34. Buckingham Palace is not the private property of the Queen as an individual, to dispose of as she wishes. Like Windsor Castle and the Palace of Holyroodhouse, Buckingham Palace is held by The Queen as Sovereign.
35. John Nash, the architect responsible for remodelling many of today’s Buckingham Palace interiors, also built the Royal Mews, All Soul’s Church Langham Place, Regent Street and Carlton House Terrace, and redesigned the Haymarket Theatre.
36. Hundreds of distinguished historic figures have visited Buckingham Palace since it became the Sovereign’s London residence. They have included a seven-year-old Wolfgang Amadeus Mozart (when it was still Buckingham House); Felix Mendelssohn; Johann Strauss the Younger; Charles Dickens; Alfred Lord Tennyson; American Presidents including Woodrow Wilson and JF Kennedy; Mahatma Gandhi (who wore a loin cloth and sandals to tea with King George V); first man on the moon Neil Armstrong; actor Laurence Olivier; and Nelson Mandela.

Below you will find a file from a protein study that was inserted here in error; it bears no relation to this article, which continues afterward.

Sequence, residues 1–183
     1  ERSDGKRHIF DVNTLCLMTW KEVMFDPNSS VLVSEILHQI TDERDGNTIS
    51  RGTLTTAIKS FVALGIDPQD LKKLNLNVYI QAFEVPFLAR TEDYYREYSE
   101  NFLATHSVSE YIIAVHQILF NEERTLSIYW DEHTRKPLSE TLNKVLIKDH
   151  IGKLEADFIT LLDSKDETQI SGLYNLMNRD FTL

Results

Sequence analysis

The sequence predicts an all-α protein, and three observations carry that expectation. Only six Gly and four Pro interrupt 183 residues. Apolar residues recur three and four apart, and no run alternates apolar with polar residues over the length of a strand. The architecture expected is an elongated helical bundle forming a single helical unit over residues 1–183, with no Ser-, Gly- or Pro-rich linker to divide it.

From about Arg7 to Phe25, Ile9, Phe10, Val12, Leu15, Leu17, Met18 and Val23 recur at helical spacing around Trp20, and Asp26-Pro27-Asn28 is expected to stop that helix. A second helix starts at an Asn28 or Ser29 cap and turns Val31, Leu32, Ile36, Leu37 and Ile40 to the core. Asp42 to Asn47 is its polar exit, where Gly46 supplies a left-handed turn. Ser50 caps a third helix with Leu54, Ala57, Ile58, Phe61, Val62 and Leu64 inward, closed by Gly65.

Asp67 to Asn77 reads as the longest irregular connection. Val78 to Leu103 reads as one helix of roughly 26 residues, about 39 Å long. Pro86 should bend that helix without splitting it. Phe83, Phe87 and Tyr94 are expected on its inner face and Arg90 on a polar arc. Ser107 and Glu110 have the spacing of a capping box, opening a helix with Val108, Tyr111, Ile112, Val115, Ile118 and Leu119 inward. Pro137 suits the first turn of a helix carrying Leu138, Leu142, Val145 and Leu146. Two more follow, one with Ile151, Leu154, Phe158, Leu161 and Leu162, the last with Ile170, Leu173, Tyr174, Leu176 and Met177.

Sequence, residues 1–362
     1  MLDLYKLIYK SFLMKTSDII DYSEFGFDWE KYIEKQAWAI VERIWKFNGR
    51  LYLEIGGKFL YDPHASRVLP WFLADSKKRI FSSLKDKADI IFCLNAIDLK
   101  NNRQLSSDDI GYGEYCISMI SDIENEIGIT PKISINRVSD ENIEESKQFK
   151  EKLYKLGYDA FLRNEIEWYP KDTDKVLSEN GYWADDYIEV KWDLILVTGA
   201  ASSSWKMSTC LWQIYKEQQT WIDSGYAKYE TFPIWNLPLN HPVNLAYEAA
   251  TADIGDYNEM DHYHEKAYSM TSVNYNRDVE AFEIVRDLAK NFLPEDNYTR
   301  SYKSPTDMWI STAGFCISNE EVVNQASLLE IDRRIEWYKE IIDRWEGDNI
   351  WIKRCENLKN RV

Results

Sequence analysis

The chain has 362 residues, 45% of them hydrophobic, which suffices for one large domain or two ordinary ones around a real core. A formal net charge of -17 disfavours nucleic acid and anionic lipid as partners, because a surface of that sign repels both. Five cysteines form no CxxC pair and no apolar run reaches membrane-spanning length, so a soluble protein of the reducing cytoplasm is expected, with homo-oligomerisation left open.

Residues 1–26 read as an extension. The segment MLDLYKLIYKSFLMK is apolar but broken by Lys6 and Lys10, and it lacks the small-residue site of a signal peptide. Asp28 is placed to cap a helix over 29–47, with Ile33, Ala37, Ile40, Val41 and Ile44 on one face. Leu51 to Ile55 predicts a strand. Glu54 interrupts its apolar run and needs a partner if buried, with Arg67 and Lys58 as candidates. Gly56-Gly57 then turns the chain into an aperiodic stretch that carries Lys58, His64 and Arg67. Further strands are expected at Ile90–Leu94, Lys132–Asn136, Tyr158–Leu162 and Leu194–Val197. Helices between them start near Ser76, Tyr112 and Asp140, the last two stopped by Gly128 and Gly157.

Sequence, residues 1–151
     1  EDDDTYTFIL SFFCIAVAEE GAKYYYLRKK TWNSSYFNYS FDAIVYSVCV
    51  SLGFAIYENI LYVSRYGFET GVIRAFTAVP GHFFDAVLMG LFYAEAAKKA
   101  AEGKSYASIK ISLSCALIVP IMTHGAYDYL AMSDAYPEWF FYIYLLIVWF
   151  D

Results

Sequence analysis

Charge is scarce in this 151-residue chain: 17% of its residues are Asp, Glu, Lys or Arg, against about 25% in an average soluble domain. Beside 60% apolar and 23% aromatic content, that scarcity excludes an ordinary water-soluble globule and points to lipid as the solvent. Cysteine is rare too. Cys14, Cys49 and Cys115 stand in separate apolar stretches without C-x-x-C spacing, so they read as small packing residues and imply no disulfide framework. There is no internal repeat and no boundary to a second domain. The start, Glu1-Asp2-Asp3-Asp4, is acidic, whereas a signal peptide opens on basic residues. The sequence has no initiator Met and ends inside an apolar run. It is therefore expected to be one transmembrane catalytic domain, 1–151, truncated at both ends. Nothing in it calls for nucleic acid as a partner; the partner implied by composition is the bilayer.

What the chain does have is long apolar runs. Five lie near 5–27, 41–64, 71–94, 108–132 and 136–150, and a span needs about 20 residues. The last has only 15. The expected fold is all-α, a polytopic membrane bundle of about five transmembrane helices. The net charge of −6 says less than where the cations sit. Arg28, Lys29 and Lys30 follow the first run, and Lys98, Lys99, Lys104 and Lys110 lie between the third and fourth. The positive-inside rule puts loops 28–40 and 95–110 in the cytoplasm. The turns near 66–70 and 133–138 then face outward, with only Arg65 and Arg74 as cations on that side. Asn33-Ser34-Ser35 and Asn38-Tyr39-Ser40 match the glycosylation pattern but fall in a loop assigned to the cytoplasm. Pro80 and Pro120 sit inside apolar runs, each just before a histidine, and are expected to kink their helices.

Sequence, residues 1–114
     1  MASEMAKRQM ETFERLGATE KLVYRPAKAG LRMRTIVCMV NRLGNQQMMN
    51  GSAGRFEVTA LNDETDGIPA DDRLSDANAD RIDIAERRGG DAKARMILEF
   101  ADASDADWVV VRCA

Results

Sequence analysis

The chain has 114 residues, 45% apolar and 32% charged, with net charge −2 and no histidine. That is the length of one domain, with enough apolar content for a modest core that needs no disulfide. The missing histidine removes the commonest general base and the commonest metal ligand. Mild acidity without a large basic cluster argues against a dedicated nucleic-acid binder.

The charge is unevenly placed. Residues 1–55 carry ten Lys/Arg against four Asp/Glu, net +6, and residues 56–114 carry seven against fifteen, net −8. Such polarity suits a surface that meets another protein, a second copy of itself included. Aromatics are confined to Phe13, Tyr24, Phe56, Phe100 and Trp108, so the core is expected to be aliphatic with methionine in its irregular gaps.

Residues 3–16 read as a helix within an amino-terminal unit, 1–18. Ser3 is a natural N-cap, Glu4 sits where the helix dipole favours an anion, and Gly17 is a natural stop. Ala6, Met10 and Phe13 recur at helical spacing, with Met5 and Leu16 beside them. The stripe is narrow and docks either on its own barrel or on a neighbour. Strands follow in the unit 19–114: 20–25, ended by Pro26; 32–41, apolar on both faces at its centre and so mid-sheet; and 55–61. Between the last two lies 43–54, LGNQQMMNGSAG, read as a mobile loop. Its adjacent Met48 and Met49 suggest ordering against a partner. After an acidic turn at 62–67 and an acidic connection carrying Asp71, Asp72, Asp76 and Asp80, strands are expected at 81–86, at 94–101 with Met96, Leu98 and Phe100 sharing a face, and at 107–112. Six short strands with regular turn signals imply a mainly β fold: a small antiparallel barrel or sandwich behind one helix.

37. Buckingham Palace is not only The Queen’s London home: The Duke of Edinburgh, The Duke of York, The Earl and Countess of Wessex, The Princess Royal and Princess Alexandra also have private offices and apartments located within the Palace.
39. More than 50,000 people visit the Palace each year as The Queen’s guests at banquets, lunches, dinners, receptions and garden parties. The Buckingham Palace kitchen is able to serve a sit-down meal to as many as 600 people at a time. Since 1993, the State Rooms of the Palace have also been open to members of the public to visit during August and September, while The Queen is not in residence.
40. The Queen’s regular audiences with the British Prime Minister traditionally take place at Buckingham Palace in The Queen’s Audience Room. During the war, King George VI’s audiences with Winston Churchill were less formal – the two helped themselves to food from a buffet before sitting down to talk in privacy.